Sparkling Dialogue: ‘You belong, to us. You will be like us’ – a genuinely chilling statement.
‘So remember, our lives are different from anybody else’s. That’s the exciting thing, nobody in the universe can do what we’re doing.’
The Bad Stuff: Hopper is clearly supposed to be a ridiculously butch Yankie jock type but when played by a weedy, middle class British guy putting on an overdone accent it lacks any kind of convction. The opening sequences are as B movie as Doctor Who ever got – ‘fifty pounds for the first man to open those doors’ –and the dramatic music that accompanies the terrible electrifying death is straight out of Original Series Star Trek (although it hadn't even come along yet). I wont pretend it isn't deliriously enjoyable as such but for those who enjoy their Doctor Who a little less melodramatic (really?) it might be a bit much. Imagine how long a search through the universe for the Cybermen would take! Toberman is such a racist stereotype, a muscled, grunting beast of a black man and naturally the first one into the lions den. 'Go down Toberman!' - Kaftan even talks to him like he's an ape. There is some really hammy dialogue (my favourite examples are ‘It's practically wrecked our chances of getting off this crummy planet!’, ‘Especially with you insisting all over the place!’ and ‘Everything yields to logic, our basic assumption, Doctor!’). Is the Cyber Controller the most phallic thing ever seen in Doctor Who? That is a hotly contested prize but I think he might just deserve the trophy, leaving the Typhonian Ambassador and Alpha Centuri weeping in the corner. What a giant veiny dickhead! There is one exquisite sequence where the Cybermen are talking and all the second one keeps saying is 'yezzzz...' in a flat monotone - I can remember being friends with a couple that used to sound just like this when they were chatting and this scene used to instantly leap into my head whenever I was around them. Why do they lock Klieg in the gunroom? Lock him up, sure, but in the room with all the weapons? Hasn't he already proven to be as nutty as squirrel shit? He and Kaftan really are irredeemable, aren’t they? There is no depth to them beyond their irresponsible, demented villainy. Shirley Cooklin can barely control her laughter as she closes the hatch on the Controller, forgetting any pretense of fear and scurrying about chucklesomely like the panto villainess that she is. The Doctor announces 'KLIEG!' very dramatically in the final episode, when he is barely two feet away from them. Clearly it isn't only the seventh Doctor who is afflicted by this melodramatic urge ('Haaaaace!'). Anybody would think that Grotbags had just walked in.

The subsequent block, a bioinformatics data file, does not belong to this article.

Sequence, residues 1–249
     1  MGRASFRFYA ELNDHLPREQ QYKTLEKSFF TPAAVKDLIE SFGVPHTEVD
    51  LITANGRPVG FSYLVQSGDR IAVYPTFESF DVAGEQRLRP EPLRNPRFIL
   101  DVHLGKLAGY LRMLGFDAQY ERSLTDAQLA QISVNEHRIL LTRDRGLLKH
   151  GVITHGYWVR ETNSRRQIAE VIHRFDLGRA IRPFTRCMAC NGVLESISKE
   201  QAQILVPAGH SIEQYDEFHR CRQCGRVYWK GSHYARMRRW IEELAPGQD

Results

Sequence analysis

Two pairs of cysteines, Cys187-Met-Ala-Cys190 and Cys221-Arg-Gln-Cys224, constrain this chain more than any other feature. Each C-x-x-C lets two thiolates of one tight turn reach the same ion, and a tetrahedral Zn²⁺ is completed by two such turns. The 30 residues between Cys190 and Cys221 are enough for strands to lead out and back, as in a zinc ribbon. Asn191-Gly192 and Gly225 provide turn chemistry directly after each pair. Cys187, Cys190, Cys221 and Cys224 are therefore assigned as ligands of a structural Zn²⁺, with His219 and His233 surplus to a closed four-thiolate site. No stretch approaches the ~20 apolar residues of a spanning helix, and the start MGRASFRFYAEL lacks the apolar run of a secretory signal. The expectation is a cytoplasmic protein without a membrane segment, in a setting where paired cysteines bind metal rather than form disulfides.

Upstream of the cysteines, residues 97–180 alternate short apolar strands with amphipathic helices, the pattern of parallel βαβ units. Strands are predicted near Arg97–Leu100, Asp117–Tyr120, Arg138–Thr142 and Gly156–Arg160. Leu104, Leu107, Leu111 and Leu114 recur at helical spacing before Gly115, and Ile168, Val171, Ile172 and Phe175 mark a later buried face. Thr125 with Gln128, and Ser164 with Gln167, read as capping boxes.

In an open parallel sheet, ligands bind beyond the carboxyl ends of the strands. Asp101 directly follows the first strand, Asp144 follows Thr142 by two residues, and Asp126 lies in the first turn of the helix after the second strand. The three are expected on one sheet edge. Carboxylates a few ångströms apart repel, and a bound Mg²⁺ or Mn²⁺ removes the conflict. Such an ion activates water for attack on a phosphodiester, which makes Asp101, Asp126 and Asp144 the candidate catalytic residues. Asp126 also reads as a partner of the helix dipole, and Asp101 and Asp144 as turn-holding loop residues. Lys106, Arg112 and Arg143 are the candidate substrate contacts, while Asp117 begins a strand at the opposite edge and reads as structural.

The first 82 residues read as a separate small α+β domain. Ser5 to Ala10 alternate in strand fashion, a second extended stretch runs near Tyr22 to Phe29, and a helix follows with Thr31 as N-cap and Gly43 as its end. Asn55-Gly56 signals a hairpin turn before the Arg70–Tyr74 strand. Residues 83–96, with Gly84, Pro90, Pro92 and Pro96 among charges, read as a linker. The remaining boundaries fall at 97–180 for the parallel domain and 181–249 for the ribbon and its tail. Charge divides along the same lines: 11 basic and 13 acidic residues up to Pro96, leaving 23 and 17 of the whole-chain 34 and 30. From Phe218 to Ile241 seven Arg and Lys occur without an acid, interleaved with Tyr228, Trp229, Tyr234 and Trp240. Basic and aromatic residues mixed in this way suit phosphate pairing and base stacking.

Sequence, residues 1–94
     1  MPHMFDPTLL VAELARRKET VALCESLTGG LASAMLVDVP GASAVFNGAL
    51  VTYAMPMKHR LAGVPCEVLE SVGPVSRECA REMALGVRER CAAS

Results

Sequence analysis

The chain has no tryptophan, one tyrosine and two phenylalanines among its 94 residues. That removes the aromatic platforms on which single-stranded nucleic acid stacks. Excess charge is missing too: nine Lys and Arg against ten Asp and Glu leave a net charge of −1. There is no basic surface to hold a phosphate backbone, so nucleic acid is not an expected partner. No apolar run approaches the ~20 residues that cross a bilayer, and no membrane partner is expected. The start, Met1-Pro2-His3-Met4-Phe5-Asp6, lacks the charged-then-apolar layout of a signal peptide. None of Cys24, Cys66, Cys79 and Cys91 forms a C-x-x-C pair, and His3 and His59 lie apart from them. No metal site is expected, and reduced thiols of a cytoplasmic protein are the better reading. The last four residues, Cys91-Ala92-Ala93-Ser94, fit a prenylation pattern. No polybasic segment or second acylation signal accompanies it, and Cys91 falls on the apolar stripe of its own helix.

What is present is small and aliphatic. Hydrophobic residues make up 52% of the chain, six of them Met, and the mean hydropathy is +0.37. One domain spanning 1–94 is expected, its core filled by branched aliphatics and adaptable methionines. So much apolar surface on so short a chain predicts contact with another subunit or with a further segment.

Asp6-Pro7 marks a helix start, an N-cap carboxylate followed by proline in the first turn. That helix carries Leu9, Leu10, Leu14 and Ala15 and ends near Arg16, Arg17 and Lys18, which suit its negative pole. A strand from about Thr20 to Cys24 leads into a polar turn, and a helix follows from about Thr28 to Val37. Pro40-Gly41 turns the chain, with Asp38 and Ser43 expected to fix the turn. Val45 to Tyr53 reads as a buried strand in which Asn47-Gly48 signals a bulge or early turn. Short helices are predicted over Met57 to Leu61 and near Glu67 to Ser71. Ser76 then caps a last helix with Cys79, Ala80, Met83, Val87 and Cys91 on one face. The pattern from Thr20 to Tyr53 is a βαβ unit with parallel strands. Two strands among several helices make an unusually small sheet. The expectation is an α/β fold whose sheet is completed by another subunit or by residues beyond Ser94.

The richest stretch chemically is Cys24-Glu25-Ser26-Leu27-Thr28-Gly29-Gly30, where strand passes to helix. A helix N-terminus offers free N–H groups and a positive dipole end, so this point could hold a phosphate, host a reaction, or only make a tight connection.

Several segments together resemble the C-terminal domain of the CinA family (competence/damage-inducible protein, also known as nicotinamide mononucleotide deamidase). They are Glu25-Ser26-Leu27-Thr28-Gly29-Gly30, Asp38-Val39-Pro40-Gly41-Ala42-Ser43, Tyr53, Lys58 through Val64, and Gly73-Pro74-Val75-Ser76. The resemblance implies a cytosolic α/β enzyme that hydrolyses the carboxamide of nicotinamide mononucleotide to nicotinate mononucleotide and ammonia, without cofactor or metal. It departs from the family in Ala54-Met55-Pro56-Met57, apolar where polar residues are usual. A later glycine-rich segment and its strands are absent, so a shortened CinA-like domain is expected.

Result: I have spent the last decade ridiculing this story so imagine my surprise when I was left spellbound on this watch. It isn't a perfect Doctor Who story and anybody who is expecting as much is always going to be sorely disappointed (every 'classic' story has narrative or production flaws of their own, their perfection comes from how we as a viewer see past them to all the other goodies on display) but it has a great deal going for it and as an example of the less sophisticated but more exciting storytelling favoured by the latest production team it is practically in a league of its own. At a blissful four parts the pace is relentless and something memorable or gripping crops up every couple of minutes to keep you on your toes. The Tomb of the Cybermen looks really expensive with great sets, moody lighting and some simple but striking effects work. No it isn't an intellectual treat but sometimes Doctor Who has to step away from it's roots as an intelligent drama and produce something blockbusting, moody and heart-stopping. As a montage of iconic imagery, an exciting adventure story, a chance to see Troughton at his dazzling best and the Cybermen at their most menacing it is absolutely unmissable. The clincher is that even Victoria gets some great material. Despite a few bumpy moments, this is as blockbusting and as magical as classic Who comes and more than lives up to its mighty reputation. Don't go into it expect something miraculous but do approach it expecting a compelling action adventure tale with more than enough spectacle and chills to keep you sated: 9/10